“Never underestimate your need for help in foreign countries,” says Bob Woolf in his book, Friendly Persuasion. Bob is a well-known negotiator for top sports and entertainment figures who travels all over the world negotiating contracts for teams, commercials, and performances. For him experienced interpreters have proven to be crucial intermediaries for negotiations in foreign countries. Bob notes that not only is the language different, but “the maze of strange criminal, civil, and tax laws can drive you crazy if you negotiate them blindly.”
Sports are more international than ever before, not just in recruiting sports figures from different countries for teams, but also in providing play-by-play interpretations on the field. Let’s say 6′ 8″ basketball forward, Terry Driscoll, negotiates a contract with a team in Italy to play with them every Sunday for one year (which he did in 1969). He or his agent would use interpreters to help with negotiating the contract in Italian, understanding the spirited Italian character, and interpreting Italian contract rules and regulations. Terry would want to have interpreters on the field, too, for the benefit of his friends, family, and former teammates and future coaches in the United States, so they could watch him play. If this were today, Dialog One could provide those interpreters.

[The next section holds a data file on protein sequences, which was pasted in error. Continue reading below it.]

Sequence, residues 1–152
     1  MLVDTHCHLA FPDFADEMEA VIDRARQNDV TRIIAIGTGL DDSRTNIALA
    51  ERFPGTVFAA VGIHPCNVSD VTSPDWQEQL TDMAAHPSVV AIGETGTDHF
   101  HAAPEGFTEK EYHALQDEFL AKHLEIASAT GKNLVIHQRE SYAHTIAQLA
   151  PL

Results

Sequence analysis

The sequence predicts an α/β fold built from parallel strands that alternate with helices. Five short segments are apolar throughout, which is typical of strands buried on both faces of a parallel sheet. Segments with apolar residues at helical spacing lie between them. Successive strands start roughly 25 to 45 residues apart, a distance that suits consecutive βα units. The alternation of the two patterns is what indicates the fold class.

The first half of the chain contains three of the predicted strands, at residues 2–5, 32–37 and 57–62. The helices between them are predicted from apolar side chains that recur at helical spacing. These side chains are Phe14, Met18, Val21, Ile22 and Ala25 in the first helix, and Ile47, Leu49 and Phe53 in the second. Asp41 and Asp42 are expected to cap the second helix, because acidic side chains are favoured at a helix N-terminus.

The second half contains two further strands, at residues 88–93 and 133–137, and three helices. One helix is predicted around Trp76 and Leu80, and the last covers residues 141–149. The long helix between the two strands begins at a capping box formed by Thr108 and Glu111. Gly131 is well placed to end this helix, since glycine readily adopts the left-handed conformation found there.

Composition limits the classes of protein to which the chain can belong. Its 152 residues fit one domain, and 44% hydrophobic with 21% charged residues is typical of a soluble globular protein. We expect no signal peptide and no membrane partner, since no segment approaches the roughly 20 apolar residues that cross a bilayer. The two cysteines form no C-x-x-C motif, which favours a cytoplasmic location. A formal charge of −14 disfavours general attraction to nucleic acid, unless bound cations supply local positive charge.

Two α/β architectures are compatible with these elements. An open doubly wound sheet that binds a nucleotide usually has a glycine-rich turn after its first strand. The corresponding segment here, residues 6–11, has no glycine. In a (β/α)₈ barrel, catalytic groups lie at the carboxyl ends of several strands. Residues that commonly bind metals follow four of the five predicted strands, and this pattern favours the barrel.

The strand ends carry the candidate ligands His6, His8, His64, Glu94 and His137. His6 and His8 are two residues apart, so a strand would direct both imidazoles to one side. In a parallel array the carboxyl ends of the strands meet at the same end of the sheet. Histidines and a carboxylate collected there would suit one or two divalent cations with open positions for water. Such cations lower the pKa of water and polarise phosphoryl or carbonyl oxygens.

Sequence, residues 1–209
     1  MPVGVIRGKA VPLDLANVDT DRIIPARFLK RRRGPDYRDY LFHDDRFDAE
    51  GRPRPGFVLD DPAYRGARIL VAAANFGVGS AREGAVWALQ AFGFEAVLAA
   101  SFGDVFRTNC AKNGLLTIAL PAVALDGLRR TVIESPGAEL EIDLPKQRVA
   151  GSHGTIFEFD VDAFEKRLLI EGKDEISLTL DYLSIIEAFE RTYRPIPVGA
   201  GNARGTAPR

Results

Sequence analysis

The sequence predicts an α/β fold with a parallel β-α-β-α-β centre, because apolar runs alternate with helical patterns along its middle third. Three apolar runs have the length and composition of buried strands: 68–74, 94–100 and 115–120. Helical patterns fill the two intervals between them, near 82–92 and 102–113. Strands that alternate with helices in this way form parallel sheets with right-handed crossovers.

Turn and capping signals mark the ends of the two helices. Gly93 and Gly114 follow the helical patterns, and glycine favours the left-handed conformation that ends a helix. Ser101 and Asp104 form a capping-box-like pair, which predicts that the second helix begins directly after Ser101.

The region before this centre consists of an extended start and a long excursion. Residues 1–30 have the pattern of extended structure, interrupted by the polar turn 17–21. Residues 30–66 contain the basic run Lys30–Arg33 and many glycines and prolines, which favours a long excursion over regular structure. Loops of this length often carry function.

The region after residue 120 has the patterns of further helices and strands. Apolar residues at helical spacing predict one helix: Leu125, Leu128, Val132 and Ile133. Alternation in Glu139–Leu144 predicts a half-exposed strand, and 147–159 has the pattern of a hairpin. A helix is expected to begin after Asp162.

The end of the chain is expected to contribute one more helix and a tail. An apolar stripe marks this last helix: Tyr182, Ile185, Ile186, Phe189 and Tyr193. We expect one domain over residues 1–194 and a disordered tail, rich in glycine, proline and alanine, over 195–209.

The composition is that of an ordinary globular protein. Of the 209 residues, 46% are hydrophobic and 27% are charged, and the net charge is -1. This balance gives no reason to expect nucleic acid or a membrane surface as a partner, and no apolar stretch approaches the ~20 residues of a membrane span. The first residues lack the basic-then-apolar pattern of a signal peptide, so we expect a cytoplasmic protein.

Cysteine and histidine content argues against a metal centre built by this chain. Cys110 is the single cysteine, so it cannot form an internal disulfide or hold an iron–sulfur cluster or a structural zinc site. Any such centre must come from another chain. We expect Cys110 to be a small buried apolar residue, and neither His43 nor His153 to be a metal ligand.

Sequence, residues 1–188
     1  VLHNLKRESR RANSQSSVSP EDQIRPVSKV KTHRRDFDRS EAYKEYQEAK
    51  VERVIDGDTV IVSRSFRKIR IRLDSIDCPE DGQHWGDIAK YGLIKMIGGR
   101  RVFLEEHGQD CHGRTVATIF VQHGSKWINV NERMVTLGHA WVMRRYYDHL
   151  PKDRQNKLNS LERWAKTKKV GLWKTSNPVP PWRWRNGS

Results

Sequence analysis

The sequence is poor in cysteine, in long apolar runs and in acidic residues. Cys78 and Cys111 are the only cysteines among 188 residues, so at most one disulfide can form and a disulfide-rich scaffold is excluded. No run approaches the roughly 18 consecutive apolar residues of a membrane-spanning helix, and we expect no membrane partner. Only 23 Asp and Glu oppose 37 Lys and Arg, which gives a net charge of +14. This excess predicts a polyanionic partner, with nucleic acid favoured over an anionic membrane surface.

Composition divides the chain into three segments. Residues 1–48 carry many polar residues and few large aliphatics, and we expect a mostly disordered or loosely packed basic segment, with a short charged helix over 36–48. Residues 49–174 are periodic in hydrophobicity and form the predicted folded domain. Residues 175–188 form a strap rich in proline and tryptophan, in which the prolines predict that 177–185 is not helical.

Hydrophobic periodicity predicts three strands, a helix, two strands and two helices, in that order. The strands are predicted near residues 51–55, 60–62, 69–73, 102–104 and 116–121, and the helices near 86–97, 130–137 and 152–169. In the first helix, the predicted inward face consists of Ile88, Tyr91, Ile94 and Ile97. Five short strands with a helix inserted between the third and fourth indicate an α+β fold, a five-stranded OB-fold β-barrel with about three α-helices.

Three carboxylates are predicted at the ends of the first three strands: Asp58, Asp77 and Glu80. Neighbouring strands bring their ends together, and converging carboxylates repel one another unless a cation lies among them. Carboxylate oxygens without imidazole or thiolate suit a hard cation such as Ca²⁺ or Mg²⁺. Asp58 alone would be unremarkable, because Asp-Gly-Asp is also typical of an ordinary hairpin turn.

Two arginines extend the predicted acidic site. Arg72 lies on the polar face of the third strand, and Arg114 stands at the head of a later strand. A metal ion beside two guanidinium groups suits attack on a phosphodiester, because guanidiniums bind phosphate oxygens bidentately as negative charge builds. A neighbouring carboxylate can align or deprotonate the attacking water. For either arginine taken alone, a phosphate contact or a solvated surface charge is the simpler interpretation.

Now look at the Olympics. Japan is slated to host the Olympics in 2020. They are already preparing interpreters to cover the games, with seven language colleges teaming up to train them. In the experience of twenty year old Makoto Kashimura, interpreter for the 2014 World Team Table Tennis Championships in Tokyo, “The job required me to reason with foreigners to make them abide by operational rules.” In addition to teaching prospective interpreters to speak sports in another language, the schools will teach them the rules of each sport, so they can stand their ground when interpreting to passionate players from other countries.
Not only do sports interpreters negotiate contracts and provide play-by-plays on the field, but they are crucial to organizing the games, choosing teams, and arranging transport and accommodations for players. They’re also key witnesses when foreign players are injured on the field. The Spanish word for “big toe” is the same as their word for “thumb,” which a good interpreter will translate correctly to medical personnel, saving them the trouble of treating the wrong injury. Contact Dialog One if you are looking for a language expert for your next sports event.